On the lighter side, Dish Korean Cuisine serves a stew called kimchi jigae made with tofu and cabbage. CONTRIBUTED BY HENRI HOLLIS
Photo: Henri Hollis
Photo: Henri Hollis

Ditch the meat at these Buford Highway spots

If you crave meat, there’s plenty to be found on Buford Highway, from messy, juicy chorizo tortas to Malaysian-style chicken served with chicken stock rice and soy sauce.

Options become scanter along metro Atlanta’s international culinary strip if what you’re looking for doesn’t have fins or feet. Most restaurants have at least one or two vegetarian dishes, but you’ll be hard pressed to find menus with large veggie sections or eateries that go out of their way to accommodate herbivores.

Here are some Bu-Hi spots to check out if you’re feeling more broccoli than beef:

The spicy chili soup at Harmony Vegetarian is a thick, flavorful broth dotted with bits of corn, carrots, pea pods, tofu and big chunks of imitation shrimp. CONTRIBUTED BY LIGAYA FIGUERAS / LFIGUERAS@AJC.COM
Photo: The Atlanta Journal-Constitution

Harmony Vegetarian (4897 Buford Highway, Chamblee. 770-457-7288, harmonyvegetarian.com). Any list of vegetarian food on Buford Highway would be incomplete without a mention of Harmony, tucked inside the Orient Center Shopping Plaza. The restaurant where you take your meat-eating friend who wants to feel like they’re still eating meat, Harmony has been catering to Chinese-loving vegetarians for more than two decades. Nearly every dish is made with some form of imitation meat, including “lamb” prepared with mushrooms, and wontons stuffed with “beef” made from soybean protein and gluten flour. Especially worth an order is the spicy chili soup, a thick, flavorful broth dotted with bits of corn, carrots, pea pods, tofu and big chunks of imitation shrimp. It’s not “close your eyes and you’ll think you’re eating actual shrimp” kind of shrimp, but it comes pretty darn close. 

<<What to eat on Buford Highway:

Dish Korean Cuisine (5000 Buford Highway, Chamblee. 470-299-8886, dishkoreancuisine.com). Pretty much the last place you want to find yourself if you’re a vegetarian is a Korean barbecue restaurant, surrounded by mountains of bulgogi and galbi. Sure, you can make a meal out of the various banchan that are served on the side, but why relegate yourself to side dishes when you can get a full, satisfying main dish that employs many of the same flavors and ingredients used in traditional Korean barbecue, without the meat? Dish’s menu offers plenty of veggie-friendly options, and lots of dishes that can be made vegetarian upon request. Especially noteworthy is the hearty tofu and portobello steak: big bites of tofu and mushroom and slices of sauteed red bell pepper, onions and scallions arranged in an artful row and drizzled with a sweet, sticky house sauce. Also, check out the kimchi jigae, a spicy, peppery kimchi stew made with chopped scallions, onions and cabbage. Still not full? You always can pick at those banchan, including creamy Korean potato salad and cold broccoli.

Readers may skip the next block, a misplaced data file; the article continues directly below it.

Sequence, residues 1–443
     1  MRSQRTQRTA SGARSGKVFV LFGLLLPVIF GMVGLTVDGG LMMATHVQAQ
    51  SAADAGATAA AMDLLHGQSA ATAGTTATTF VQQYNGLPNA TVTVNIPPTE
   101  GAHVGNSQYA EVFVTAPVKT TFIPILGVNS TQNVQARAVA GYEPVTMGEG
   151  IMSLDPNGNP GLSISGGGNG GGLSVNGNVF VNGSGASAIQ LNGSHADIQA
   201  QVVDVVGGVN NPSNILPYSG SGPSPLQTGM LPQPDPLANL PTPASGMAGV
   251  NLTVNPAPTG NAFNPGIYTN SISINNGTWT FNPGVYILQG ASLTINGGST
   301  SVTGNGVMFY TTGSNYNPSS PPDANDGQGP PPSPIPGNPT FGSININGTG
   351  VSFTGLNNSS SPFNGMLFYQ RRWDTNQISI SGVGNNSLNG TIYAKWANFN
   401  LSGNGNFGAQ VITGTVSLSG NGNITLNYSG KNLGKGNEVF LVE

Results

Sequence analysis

Mamak (5150 Buford Highway, Doraville. 678-395-3192, mamak-kitchen.com). The flavors of Malaysia are on full display in the dishes at Mamak, which also leans on Chinese and Indian influences for its ingredients. Much of the menu, including a selection of noodles, can be adjusted to accommodate vegetarians — just ask the waitstaff to sub in vegetables in place of meat or fish. Soups, in particular, are a safe bet, with most of the restaurant’s broths made with nonmeat stocks, including the fragrant curry laksa, which can be prepared with vegetable broth, coconut milk and vegetables taking the place of chicken or spare ribs. Sambal okra, one of the menu’s strongest dishes, uses a sambal sauce made with shrimp sauce, making it a no-go for vegetarians, but the garlic okra is a worthy replacement. 

The dry-fried eggplant at Yummy Spicy is a nice introduction to Sichuan cooking. CONTRIBUTED BY WENDELL BROCK
Photo: The Atlanta Journal-Constitution

Yummy Spicy (5164 Buford Highway, Doraville. 770-680-5605, yummyspicyga.com). A menu featuring a whole section devoted to vegetables is one to take note of — especially when the veggies are treated with as much care as they are at this Sichuan spot. The go-to is the excellent dry-fried eggplant — spears of eggplant flash-fried in a batter that uses a hurts-so-good Sichuan peppercorn seasoning. A word of caution: Just because it’s listed under the vegetarian heading doesn’t guarantee that it’s actually meat-free. Some dishes include meat sauces, or are topped with meat (mapo tofu, for instance), so ask before ordering.

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